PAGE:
RAGING TIDE, THE
(director: George Sherman; screenwriter: based on the novel Fiddler’s Green by Ernest K. Gann/Ernest K. Gann; cinematographer: Russell Metty; editor: Ted J. Kent; music: Frank Skinner; cast: Richard Conte (Bruno Felkin), Charles Bickford (Hamil Linder), Shelley Winters (Connie Thatcher), Alex Nicol (Carl Linder), Stephen McNally(Lt. Kelsey), John McIntire(Corky Mullins), Tito Vuolo(Barney), Minerva Urecal(Johnnie Mae Swanson); Runtime: 93; MPAA Rating: NR; producer: Aaron Rosenberg; Universal-International Pictures; 1951)
“Tedious minor film noir set in San Francisco.“
Reviewed by Dennis Schwartz
Tedious minor film noir set in San Francisco. It’s based on the novel Fiddler’s Green by Ernest K. Gann, who also writes the dreadful screenplay. Low-budget veteran prolific director George Sherman (“The Lone Hand”/”Big Jake”/”Comanche“), known as a competent craftsman,keeps things well-crafted but uninteresting and incredulous.
Small-time slot-machine racketeer Bruno Felkin (Richard Conte) rubs out his rival Marty Prince and reports the crime by phone to Homicide Detective Lieut. Kelsey (Stephen McNally). Bruno goes on-the-run when his innocent hat check girlfriend Connie (Shelley Winters) is not home and can’t provide an alibi, as intended. Since he’s the main suspect, Bruno hides all night in the Taage, a docked boat at Fisherman’s Wharf, and becomes a stowaway on the fishing boat of the elderly Swedish-immigrant captain, Hamil Linder (Charles Bickford), and his wayward estranged young son Carl (Alex Nicol), that sails that morning on a fishing expedition.
Carl has been placed by a judge in his father’s custody after stealing a car, and must work for dad to keep him out of the stir. This makes Carl irate, as he expresses a hatred for dad because of his “old world” values and insistence Carl follow in his footsteps.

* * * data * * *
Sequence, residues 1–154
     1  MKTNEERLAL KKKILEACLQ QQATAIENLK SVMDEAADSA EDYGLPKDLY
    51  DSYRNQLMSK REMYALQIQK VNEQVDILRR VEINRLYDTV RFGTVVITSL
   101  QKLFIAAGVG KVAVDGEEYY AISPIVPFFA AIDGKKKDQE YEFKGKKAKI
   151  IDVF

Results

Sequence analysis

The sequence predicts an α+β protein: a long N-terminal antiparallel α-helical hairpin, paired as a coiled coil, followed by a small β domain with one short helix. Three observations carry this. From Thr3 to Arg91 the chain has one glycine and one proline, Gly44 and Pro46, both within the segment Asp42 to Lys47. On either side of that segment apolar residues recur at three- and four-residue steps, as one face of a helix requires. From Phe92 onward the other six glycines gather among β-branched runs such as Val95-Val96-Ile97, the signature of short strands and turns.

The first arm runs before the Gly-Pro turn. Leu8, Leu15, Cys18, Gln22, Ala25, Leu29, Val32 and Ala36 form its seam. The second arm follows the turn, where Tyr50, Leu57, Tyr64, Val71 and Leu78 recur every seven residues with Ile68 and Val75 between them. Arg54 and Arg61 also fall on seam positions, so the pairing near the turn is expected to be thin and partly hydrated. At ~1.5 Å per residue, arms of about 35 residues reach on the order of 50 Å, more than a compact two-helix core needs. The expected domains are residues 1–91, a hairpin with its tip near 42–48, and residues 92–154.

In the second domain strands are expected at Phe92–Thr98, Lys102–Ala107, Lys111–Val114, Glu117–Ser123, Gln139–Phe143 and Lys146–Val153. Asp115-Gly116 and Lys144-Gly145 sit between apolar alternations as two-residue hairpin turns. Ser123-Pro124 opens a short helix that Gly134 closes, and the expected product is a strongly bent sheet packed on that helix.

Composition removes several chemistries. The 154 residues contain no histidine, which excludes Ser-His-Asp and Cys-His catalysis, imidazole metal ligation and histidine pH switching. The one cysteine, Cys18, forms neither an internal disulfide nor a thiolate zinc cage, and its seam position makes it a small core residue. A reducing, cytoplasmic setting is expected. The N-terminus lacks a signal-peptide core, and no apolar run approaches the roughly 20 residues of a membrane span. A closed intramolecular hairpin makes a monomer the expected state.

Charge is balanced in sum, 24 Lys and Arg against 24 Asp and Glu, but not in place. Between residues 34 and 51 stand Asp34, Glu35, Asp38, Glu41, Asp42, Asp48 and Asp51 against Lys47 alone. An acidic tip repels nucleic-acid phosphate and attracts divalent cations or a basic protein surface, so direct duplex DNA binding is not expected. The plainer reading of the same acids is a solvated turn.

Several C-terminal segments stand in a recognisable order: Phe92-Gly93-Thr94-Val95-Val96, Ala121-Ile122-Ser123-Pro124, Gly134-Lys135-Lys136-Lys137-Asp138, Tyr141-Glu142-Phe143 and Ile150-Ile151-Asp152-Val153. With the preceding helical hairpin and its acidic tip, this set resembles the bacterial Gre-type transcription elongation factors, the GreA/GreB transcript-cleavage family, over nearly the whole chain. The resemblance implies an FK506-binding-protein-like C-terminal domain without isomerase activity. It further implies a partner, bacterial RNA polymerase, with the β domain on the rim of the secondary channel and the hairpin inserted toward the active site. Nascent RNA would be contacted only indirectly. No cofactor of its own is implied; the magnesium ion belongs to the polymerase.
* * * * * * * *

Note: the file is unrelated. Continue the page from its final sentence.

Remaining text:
When Bruno is discovered aboard the ship, the kindly Hamil lets him sail with them without question when he accepts Bruno’s bogus story that he’s a salesman who lost his job and was sleeping off a drunk after a night on the town. To keep his racket going while he stays aboard to hide from the cops, Bruno pays the eager Carl a big salary to take care of the collections. The gangster has a soft spot in his heart for Connie, and has Carl give the school drop-out $100 a week so she can make the payments to continue with her education. While working for Bruno, Carl falls in love with Connie. Meanwhile Bruno falls in love with Hamil’s honest lifestyle and the sea, and learns from pop how to fish. But with Kelsey putting the heat on Connie to give away where her boyfriend is hiding, Bruno schemes to frame Carl for the rub out of Prince by hiding the murder weapon in his clothes. The killer plans to get Connie to anonymously inform on Carl as the killer. Bruno then plans to sail to South America with her. But Mother Nature intervenes. While out fishing with Hamil and Carl, a severe storm takes place. After Bruno saves Carl’s life when he goes overboard (to please his father), the storm acts up and Bruno is lost at sea.
It ends on an artificial happy note, as gangster Bruno finds redemption in his noble death to save another’s life and a reformed Carl now takes over his widow father’s boat and plans to settle down with Connie to raise a family. Pop, who credits Bruno with turning around his son’s life, retires, and plans on doing nothing for the rest of his life except take joy that his son is doing an honest day’s work as a fisherman and has met a wholesome girl like Connie.
It’s a fish story alright, one that defies belief.
REVIEWED ON 1/17/2011 GRADE: C